There are no permanent friends and foes in international affairs. This has been proved in the case of Tehran and Riyadh. Though the Islamic Republic of Iran and Saudi Arabia often tend to controvert each other on different issues, when it comes to interests, things change dramatically. On November 27, 2014, the 166th meeting of member countries of the Organisation of Petroleum Exporting Countries (OPEC) was held at the OPEC Conference Secretariat, Vienna, Austria. OPEC is a Vienna-based intergovernmental organisation of 12 oil-producing countries comprising of Algeria, Angola, Ecuador, Iran, Iraq, Libya, Kuwait, Nigeria, Qatar, Saudi Arabia, the United Arab Emirates and Venezuela. The meeting was held after the oil glut and subsequent plummet in oil prices. According to Brent Crude, oil prices are touching the benchmark of $ 77, while Iran has set predictive oil prices at $ 80 per barrel for its next fiscal year, starting from March 2015. Therefore it has started diplomatic manoeuvring to evade any future budget deficit due to decreased oil prices. Iran needs the cooperation of Saudi Arabia, as the latter is the largest oil producer in the organisation. Iran criticised Saudi Arabia for the plummeting oil prices as Riyadh has increased oil output after increased demand in the west due to the winter season. According to OPEC, Saudi Arabia substantially increased oil production by up to 100,000 barrels after considerably increased demand in Europe and the US.
On the sidelines of meetings prior to the OPEC ministerial conference to discuss the ongoing situation, Iranian Oil Minister Bijan Zanganeh met his Saudi counterpart, Ali al-Naimi. Both agreed on monitoring the market carefully and to react at a convenient time so as to manage the market. Both ministers agreed on a gradual cut in oil output to increase oil prices. Saudi Arabian Oil Minister Ali al-Naimi assured his counterpart that shared monitoring of the market would help in sustaining oil prices. Iranian Oil Minister Bijan Zanganeh said after the meeting that Iran and Saudi Arabia are “very close” and that the meeting had been held in an excellent atmosphere. Among the 12 members of the OPEC organisation, Venezuela and Iraq had called for output cuts while, after the bilateral meeting of the ministers of Iran and Saudi Arabia, both countries supported the stance of Venezuela and Iraq but asked for a gradual cut in output.
OPEC members produce about 40 percent of the world’s oil with Saudi Arabia currently enjoying the top position among OPEC countries in terms of oil production. Iran is the third largest oil producer in the organisation. Earlier, the International Monetary Fund (IMF) had urged Middle Eastern oil producers to restrain spending and speed up economic reforms to reduce the fiscal risks of a sustained period of lower oil prices. It predicted that if oil prices fell to $ 75 a barrel for a sustained period, Persian Gulf states would see projected fiscal surpluses of $ 275 billion falling to $ 100 billion. Moreover, the IMF warned that Saudi Arabia, the region’s largest oil exporter, could run a budget deficit as early as next year. Therefore, the shared economic interest helped Tehran and Riyadh to agree on an identical oil export policy, at least for the next few months.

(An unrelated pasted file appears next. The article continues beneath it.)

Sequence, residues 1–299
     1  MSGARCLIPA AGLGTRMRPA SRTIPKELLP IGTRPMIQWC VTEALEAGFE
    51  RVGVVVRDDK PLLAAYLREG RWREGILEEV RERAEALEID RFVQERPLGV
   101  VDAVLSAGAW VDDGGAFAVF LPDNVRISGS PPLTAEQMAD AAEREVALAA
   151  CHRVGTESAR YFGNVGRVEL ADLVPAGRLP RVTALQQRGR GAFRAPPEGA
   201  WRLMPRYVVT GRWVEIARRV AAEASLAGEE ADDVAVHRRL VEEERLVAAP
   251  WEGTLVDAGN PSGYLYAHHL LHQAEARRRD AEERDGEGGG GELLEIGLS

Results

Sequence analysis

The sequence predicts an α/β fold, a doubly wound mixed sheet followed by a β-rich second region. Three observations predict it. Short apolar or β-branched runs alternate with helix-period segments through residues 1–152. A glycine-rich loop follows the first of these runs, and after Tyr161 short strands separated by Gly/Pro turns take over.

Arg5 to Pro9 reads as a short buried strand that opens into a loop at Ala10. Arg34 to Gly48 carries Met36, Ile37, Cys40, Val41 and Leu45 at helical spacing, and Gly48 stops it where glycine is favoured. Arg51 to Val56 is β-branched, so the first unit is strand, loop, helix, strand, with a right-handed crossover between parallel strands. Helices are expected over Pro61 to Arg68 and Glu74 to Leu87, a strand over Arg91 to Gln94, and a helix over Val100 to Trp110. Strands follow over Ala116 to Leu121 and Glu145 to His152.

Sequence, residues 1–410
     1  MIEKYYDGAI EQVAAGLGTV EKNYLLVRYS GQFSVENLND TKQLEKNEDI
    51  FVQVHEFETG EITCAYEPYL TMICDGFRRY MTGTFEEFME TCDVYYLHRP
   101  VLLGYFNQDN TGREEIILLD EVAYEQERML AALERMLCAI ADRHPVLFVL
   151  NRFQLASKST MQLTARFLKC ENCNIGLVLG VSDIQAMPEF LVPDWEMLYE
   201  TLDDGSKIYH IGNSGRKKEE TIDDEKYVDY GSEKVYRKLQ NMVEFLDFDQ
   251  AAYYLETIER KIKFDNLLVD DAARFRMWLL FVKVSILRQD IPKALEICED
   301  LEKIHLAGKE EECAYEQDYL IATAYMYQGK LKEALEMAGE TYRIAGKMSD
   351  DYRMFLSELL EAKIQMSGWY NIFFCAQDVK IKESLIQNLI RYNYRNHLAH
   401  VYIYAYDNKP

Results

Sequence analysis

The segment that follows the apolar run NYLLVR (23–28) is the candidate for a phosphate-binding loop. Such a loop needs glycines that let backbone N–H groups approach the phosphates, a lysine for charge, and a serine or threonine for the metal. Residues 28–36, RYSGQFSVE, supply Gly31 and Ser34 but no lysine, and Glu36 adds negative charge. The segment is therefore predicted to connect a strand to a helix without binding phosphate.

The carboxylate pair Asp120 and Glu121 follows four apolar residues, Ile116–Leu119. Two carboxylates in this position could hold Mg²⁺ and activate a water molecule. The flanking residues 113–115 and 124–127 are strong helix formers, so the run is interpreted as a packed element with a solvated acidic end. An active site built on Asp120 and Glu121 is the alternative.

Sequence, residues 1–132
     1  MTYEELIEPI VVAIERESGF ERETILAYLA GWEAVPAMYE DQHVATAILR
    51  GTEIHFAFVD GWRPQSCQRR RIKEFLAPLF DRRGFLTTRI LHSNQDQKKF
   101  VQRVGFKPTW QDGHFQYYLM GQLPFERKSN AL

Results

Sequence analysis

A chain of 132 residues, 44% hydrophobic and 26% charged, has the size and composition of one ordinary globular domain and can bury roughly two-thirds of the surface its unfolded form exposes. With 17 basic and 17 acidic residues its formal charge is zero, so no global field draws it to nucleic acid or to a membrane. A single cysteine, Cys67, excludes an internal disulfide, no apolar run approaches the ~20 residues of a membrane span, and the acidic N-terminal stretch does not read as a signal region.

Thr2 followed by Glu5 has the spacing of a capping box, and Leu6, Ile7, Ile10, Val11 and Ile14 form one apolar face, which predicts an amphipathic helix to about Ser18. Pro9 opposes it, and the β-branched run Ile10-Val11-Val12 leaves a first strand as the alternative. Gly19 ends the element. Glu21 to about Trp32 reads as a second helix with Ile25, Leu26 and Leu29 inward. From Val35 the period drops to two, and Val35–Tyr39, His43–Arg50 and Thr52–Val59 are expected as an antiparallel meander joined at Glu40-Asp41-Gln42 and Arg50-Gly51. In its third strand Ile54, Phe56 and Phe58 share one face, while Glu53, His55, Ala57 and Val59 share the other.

Bilateral relations between Iran and the Kingdom of Saudi Arabia have been strained over different geopolitical and ideological issues such as differing interpretations of Islam, aspirations for leadership in the Islamic world and relations with the US and the west. Although Saudi Arabia and Iran are Muslim majority nations and rule through Islamic scripture, their relations are fraught with hostility, tension and confrontation. However, this is not the first time both antagonists have shown a great deal of pragmatism in their policies. Earlier, a long-awaited rapprochement between Riyadh and Tehran materialised in the case of the Islamic State (IS) issue, when Iranian Foreign Minister Javad Zarif visited Saudi Arabia to seek cooperation on the matter. Saudi Arabia is facing an existential threat while Iran has strategic concerns from the rise of IS. The oil export policy, based on their shared interests, would further reduce distrust between the two Middle Eastern stakeholders.
According to the neoclassical realist Gideon Rose, states act in the international arena according to internal and external variables. An internal factor, such as the economy, and external factor, like strategics, forced Iran and Saudi Arabia to alter their regional policies towards each other. However, the question remains how both states will change perceptions or misperceptions about each other in the years to come as “perceptions play an important part in individual and bureaucratic lines”. It will be a testing situation for both states to modify perceptions about each other and cooperate together for a long time.
Daily Times, December 05, 2014
Disclaimer: Views expressed are of the writer and are not necessarily reflective of IPRI policy.